It is in this function that we call the
square function with an argument of
12. The F# compiler then assigns the type of
square to be
int -> int (that is, a function which takes an
int and produces an
int). The call to
printfn is a formatted printing function which uses a format string, similar to C-style programming languages, parameters which correspond to those specified in the format string, and then prints the result and a new line.
Running your code
You can run the code and see results by pressing ctrl-f5. This will run the program without debugging and allows you to see the results. Alternatively, you can choose the Debug top-level menu item in Visual Studio and choose Start Without Debugging.
You should now see the following printed to the console window that Visual Studio popped up:
12 squared is 144!
Congratulations! You've created your first F# project in Visual Studio, written an F# function printed the results of calling that function, and run the project to see some results.
Using F# Interactive
One of the best features of the Visual F# tooling in Visual Studio is the F# Interactive Window. It allows you to send code over to a process where you can call that code and see the result interactively.
To begin using it, highlight the
square function defined in your code. Next, hold the Alt key and press Enter. This executes the code in the F# Interactive Window. You should see the F# Interactive Window appear with the following in it:
> val square : x:int -> int >
This shows the same function signature for the
square function, which you saw earlier when you hovered over the function. Because
square is now defined in the F# Interactive process, you can call it with different values:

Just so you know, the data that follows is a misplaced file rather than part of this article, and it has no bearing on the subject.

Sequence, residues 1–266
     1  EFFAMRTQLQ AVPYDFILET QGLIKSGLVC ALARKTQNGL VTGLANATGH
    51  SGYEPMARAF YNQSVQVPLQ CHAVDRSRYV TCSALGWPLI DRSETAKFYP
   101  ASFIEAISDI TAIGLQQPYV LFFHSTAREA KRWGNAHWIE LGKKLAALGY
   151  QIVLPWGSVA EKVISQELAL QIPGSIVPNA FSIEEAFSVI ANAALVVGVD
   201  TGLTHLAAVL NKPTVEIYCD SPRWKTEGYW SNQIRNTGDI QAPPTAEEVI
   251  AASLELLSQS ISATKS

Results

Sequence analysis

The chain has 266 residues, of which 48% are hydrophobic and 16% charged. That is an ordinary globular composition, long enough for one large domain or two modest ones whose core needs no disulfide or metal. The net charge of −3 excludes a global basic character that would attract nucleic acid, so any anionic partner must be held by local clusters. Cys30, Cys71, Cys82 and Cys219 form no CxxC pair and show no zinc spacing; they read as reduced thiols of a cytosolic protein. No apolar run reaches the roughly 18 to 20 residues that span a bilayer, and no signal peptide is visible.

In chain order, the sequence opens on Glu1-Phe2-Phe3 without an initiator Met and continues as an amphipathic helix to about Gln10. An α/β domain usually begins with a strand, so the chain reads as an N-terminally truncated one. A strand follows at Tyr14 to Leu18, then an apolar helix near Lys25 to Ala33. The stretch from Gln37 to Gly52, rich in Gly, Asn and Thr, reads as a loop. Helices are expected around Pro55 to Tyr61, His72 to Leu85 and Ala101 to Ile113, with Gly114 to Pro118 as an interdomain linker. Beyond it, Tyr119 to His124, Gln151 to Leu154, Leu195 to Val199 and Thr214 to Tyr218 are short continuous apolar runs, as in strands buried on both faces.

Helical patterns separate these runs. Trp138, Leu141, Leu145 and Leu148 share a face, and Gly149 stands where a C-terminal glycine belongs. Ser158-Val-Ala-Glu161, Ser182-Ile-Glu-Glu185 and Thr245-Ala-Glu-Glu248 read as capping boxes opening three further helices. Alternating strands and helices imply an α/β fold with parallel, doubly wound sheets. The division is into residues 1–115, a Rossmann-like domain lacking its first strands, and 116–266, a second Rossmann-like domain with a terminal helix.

> square 12;; val it : int = 144 >square 13;; val it : int = 169
This executes the function, binds the result to a new name
it, and displays the type and value of
it. Note that you must terminate each line with
;;. This is how F# Interactive knows when your function call is finished. You can also define new functions in F# Interactive:
> let isOdd x = x % 2 <> 0;; val isOdd : x:int -> bool > isOdd 12;; val it : bool = false
The above defines a new function,
isOdd, which takes an
int and checks to see if it's odd! You can call this function to see what it returns with different inputs. You can call functions within function calls:
> isOdd (square 15);; val it : bool = true
You can also use the pipe-forward operator to pipeline the value into the two functions:
> 15 |> square |> isOdd;; val it : bool = true
The pipe-forward operator, and more, are covered in later tutorials.
This is only a glimpse into what you can do with F# Interactive. To learn more, check out Interactive Programming with F#.
If you haven't already, check out the Tour of F#, which covers some of the core features of the F# language. It will give you an overview of some of the capabilities of F#, and provide ample code samples that you can copy into Visual Studio and run. There are also some great external resources you can use, showcased in the F# Guide.